It works on four routes in spring, summer, and fall, which connect the visitor center with various lodges, cabins, campgrounds, and park attractions. The four routes are known as the Village(Blue) Route, the Kaibab Rim (Orange) Route, the Hermit Road (Red) Route, and the Tusayan Route/Park & Ride. In winter, the park offers only the blue and orange shuttle routes. The shuttle Buses, which are white with a green stripe, show the route name on the front and side panels and run every 15 to 30 minutes with free of charge.

Car

If you’re exploring the North Rim or remote parts of the national park area like Havasu Falls, a car will be the most convenient option. Though having a car can be suitable for you but be prepared to pay an extra fee at the park entrance especially for remote areas. In summer, if you get there early, you can get the opportunity of parking. But on a winter trip, check the Grand Canyon website for any road closures.

Grand Canyon Railway

The beautiful Grand Canyon Railway runs between Williams, Arizona, and the Grand Canyon Village, which is about 60 miles one-way. 

On Foot

The top attractions of Grand Canyon’s can be found by major trails. In the South Rim, try the Rim Trail, which runs from Pipe Creek Vista through the Grand Canyon Village and out to Hermit’s Rest. And in the North Rim, try the North Kaibab Trail.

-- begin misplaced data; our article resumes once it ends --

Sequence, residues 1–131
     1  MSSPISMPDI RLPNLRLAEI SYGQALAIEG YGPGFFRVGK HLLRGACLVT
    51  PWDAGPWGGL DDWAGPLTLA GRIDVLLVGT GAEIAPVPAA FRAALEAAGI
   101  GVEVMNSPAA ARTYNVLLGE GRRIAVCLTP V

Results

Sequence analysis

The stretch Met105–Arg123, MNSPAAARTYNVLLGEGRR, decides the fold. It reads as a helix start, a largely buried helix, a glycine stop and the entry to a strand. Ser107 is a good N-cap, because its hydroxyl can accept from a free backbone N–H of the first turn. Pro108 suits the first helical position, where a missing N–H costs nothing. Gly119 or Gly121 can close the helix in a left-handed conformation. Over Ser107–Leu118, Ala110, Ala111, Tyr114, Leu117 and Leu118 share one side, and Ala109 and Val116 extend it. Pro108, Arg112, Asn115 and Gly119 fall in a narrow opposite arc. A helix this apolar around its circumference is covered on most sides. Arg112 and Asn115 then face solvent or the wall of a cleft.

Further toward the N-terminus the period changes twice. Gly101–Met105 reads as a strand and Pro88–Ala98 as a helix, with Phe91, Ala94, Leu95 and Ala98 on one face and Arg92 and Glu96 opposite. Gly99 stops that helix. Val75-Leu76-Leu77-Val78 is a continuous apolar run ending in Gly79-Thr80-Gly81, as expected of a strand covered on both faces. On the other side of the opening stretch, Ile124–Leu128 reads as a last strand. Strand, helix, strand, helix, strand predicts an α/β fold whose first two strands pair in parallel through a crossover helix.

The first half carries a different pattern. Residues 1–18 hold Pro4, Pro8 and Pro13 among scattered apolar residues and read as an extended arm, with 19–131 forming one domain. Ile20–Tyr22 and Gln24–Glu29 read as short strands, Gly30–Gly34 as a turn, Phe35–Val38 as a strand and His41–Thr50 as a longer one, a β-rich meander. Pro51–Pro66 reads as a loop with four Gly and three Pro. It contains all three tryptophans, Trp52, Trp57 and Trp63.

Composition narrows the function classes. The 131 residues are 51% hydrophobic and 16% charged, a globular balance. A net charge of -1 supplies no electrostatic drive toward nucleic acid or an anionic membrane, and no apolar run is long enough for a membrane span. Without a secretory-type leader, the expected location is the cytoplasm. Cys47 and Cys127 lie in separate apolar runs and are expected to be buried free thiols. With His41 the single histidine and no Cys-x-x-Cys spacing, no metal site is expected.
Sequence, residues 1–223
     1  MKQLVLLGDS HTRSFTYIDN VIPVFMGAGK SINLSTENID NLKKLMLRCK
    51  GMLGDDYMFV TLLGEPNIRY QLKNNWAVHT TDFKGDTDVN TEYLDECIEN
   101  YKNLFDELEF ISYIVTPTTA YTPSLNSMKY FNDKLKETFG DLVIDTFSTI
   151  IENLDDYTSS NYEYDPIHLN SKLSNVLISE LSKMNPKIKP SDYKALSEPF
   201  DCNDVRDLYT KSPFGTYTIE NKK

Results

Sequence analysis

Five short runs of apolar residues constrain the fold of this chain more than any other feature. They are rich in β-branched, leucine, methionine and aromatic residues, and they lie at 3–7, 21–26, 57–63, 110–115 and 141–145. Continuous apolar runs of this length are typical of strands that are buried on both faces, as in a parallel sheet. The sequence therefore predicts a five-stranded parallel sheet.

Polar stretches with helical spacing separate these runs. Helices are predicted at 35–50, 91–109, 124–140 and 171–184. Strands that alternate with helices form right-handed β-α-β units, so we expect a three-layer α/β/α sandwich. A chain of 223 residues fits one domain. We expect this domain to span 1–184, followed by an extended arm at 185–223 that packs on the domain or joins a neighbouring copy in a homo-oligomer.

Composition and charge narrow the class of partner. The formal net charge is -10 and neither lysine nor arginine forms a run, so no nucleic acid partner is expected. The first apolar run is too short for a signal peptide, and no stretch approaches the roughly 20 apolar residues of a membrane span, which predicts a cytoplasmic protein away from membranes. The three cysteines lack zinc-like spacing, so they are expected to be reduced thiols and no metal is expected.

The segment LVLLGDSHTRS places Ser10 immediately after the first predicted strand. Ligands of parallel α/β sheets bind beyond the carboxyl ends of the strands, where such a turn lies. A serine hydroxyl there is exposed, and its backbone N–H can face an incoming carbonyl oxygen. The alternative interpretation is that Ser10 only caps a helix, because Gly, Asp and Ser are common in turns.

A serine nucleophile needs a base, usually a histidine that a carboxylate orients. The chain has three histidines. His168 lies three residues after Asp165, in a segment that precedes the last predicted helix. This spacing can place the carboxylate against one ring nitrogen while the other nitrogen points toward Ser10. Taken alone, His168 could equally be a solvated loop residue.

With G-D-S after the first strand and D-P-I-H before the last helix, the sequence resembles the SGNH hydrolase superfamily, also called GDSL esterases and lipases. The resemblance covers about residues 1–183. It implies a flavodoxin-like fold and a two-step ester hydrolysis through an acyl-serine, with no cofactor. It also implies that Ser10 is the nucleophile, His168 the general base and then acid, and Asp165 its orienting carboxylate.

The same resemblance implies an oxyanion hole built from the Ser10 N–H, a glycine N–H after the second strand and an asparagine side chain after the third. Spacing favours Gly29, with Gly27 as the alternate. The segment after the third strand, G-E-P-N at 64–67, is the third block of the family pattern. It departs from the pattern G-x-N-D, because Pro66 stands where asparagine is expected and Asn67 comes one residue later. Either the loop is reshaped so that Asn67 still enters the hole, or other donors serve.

Things to Do in Grand Canyon National Park:

  • Havasu Falls

One of the most gorgeous falls in the Grand Canyon is Havasu Falls, but it is so tough to reach. Havasu Falls is a desert oasis, complete with crystal blue waterways and gushing falls to the dry canyon, is lauded by tourists. If you don’t have any plan on spending the night camping, then avoid Havasu Falls. But despite the hassles, the stunning beauty of the falls and the fun of swimming made it all worth.

  • Grand Canyon Skywalk

It is a long drive from both the South Rim and the North Rim. The transparent glass floor of the Skywalk is 4,000 feet above the Grand Canyon floor at Eagle Point. It is 10 feet wide, and the horseshoe-shaped attraction prolongs 70 feet out from the rim of the canyon. At first, tourists purchase a Hualapai Legacy Day Pass, which allows them to entry to tribal land and includes shuttle services to Eagle Point, Guano Point, and Hualapai Ranch and the Skywalk glass bridge is an add-on.

Grand Canyon National Park
Skywalk
  • Grand Canyon Railway

Historic Grand Canyon Railway was originally used to transport from the Anita mines, which is built in the late 1800s, just north of Williams, Arizona. It began traveling to the Grand Canyon in 1901, which made the park accessible to the public. In 1968, the Grand Canyon Depot saw its last passenger train and lost business because of rising automobile use. The Grand Canyon Railway was reopened in 1989. At present, this historic train carries passengers between Williams and the South Rim’s Grand Canyon Depot.

  • Grand Canyon Village

Grand Canyon Village suffers from heavy crowds in the peak seasons ( spring, summer, and fall) because of its most popular entryway into the park and It’s home to Yavapai Point, which is one of the best views of the canyon. If you don’t like camping then you can stay in a lodge within the national park area.